The Problem With Equine Dandruff


PRIMARY SEBORRHEA (DANDRUFF):

Appearance: Seborrhea can be dry or oily. In the dry form, small flakes of skin appear routinely, usually at the base of the mane and tail, and sand-like flecks may appear on the girth area or anywhere sweat accumulates. Oily seborrhea causes large, waxy crusts, often on the elbows, hocks or lower legs; when peeled off, these may leave hairless patches up to several inches in diameter. Dandruff sometimes causes a fetid odor, but the horse is not usually itchy or in pain.

Causes: Heredity plays a significant role in cases of primary seborrhea, and it is more common in Arabians and Thoroughbreds. In affected individuals, dandruff is likely to be a lifelong issue. Please note, however, that primary seborrhea looks just like secondary seborrhea, which can also be either oily or dry. The biggest difference is that secondary seborrhea develops in horses that had not previously experienced the condition, although the onset can be very gradual. Secondary seborrhea is a sign that can accompany several potentially serious illnesses, including liver or intestinal disease.

Do I need to treat it? No, but most people prefer to do so for aesthetic reasons.

Protocol: Primary seborrhea is not curable, but it can be managed. A number of anti-dandruff shampoos are available that, when used as directed, can dissolve flakes and loosen oily scales. It's best to choose products formulated for use on horses; human products can be too harsh. Gentle scrubbing with a soft- to medium-bristled brush can help remove crusts. Secondary seborrhea is likely to clear up when the underlying disease is treated.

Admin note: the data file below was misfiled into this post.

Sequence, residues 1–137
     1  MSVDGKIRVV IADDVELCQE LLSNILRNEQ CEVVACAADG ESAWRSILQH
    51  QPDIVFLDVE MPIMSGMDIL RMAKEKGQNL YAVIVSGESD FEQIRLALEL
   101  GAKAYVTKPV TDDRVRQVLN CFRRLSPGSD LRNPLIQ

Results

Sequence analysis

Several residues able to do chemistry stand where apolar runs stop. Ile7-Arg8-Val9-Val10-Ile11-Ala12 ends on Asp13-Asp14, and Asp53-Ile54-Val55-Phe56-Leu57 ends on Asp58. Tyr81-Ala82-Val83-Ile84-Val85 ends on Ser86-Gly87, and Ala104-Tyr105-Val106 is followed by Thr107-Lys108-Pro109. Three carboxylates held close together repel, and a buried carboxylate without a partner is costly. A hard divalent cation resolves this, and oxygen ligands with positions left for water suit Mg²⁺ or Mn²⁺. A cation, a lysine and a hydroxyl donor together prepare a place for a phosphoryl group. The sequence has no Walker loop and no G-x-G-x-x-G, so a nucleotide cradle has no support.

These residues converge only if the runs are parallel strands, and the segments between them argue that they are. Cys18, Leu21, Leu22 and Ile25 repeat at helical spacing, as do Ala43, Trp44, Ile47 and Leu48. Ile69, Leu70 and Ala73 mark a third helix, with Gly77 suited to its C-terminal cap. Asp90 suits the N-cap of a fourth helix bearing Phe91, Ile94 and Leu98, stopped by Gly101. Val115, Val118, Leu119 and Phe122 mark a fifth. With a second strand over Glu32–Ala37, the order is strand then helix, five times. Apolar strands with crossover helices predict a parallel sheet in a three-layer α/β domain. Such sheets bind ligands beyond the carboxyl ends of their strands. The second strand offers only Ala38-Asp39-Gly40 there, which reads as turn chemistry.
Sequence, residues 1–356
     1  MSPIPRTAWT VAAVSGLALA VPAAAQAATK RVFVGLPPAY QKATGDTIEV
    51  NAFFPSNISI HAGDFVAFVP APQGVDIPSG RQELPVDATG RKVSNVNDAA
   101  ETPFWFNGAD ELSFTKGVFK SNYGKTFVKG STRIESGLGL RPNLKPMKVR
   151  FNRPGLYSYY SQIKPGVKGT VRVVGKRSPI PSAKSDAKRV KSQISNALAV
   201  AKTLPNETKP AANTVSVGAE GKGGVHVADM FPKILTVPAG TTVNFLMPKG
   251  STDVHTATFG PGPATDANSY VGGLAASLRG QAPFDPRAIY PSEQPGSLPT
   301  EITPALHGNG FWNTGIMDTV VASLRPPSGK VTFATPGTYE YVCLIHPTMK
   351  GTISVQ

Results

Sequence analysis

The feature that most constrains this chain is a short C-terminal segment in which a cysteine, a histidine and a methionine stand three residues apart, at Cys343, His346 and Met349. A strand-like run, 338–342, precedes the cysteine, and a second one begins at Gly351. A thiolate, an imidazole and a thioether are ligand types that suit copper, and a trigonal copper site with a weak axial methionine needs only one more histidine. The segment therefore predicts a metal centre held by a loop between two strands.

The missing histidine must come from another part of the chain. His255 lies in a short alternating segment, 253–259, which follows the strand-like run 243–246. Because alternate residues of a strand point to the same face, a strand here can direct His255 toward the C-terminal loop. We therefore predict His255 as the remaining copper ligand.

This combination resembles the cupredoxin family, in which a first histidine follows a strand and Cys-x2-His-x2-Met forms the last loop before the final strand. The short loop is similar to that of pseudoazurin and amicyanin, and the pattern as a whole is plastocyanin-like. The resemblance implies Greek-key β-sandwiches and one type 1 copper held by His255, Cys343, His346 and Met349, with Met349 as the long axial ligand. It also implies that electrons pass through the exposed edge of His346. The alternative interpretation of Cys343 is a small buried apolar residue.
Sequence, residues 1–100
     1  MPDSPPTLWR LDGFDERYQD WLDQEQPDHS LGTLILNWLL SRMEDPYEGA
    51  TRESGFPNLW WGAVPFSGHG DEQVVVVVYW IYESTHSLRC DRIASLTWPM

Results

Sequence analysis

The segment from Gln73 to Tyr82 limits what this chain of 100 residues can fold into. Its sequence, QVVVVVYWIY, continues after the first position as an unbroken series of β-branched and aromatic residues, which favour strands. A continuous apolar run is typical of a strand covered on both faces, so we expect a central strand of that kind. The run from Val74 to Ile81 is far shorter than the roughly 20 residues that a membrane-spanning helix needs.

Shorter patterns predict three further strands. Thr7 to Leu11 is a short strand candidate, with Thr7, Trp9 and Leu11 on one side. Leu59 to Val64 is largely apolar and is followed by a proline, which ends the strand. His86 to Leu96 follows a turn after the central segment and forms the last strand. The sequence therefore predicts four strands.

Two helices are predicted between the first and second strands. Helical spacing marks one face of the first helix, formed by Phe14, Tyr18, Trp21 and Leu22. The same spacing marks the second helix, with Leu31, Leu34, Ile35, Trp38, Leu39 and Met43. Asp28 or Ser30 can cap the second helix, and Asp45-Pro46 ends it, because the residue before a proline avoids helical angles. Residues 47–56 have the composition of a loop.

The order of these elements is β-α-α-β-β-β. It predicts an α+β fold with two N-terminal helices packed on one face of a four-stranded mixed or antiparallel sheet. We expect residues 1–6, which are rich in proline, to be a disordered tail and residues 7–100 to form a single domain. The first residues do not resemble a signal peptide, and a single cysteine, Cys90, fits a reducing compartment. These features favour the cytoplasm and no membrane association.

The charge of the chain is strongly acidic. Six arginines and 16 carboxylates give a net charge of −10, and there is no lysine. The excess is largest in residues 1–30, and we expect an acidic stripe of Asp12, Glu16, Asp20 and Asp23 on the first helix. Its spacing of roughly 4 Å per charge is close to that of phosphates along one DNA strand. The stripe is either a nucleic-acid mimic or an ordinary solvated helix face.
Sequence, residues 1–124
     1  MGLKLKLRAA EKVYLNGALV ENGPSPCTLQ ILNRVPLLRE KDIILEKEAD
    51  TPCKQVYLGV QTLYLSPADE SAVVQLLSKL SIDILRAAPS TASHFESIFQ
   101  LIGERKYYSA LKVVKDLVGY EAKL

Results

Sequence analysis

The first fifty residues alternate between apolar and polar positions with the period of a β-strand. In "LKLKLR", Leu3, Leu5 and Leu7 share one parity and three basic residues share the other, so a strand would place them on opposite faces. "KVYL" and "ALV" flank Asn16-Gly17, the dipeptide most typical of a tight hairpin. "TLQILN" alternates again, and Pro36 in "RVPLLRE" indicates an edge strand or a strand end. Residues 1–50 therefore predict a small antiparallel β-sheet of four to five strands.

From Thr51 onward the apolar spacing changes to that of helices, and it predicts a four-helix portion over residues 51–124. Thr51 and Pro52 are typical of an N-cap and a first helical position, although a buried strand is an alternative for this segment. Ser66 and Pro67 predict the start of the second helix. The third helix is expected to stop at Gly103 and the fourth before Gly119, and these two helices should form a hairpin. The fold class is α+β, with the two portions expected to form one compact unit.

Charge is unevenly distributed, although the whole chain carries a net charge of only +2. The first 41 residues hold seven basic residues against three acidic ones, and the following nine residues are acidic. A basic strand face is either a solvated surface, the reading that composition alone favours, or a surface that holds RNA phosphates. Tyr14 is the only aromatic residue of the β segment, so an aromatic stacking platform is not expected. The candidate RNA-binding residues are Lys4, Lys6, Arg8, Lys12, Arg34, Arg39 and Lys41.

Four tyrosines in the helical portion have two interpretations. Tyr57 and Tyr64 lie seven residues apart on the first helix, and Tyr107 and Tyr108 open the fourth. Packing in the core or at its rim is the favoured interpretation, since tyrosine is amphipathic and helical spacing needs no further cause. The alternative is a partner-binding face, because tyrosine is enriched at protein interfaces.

Natural oil production that help keep the skin healthy and clean. Feeding vegetable oils, especially omega-3 fatty acids, and supplements that contain biotin may also help promote healthier skin. Talk to your veterinarian or an equine nutritionist before making changes in your horse's diet.

Prevention: Regular grooming stimulates circulation and natural oil production that help keep the skin healthy and clean. Feeding vegetable oils, especially omega-3 fatty acids, and supplements that contain biotin may also help promote healthier skin. Talk to your equine nutritionist before making changes in your horse's diet.

Here a weekly Low Level Red Light Therapy is to be the required protocol for a period of two to three weeks to aid in the closing of the possible lesions that have been created. The uses of Essential Oils are to also be part of the overall protocol to help the horse cope with the program. After each Red Light/Essential Oil Therapy session an herbal based salve is to be applied to the affected areas.

The herbal based salve is to also be administered between each Low Level Red Light/Essential Oil Therapy session to continue the process of soothing, softening, and closing of the lesions. Remember, to use the salve only after the Low Level Red Light/Essential Oil Therapy session has been completed due to the fact that a discomfort factor may be realized through the process created by the Red Light Therapy.

Any thoughts or experiences?.....

Until Next Time …. “Ride for the Brand”

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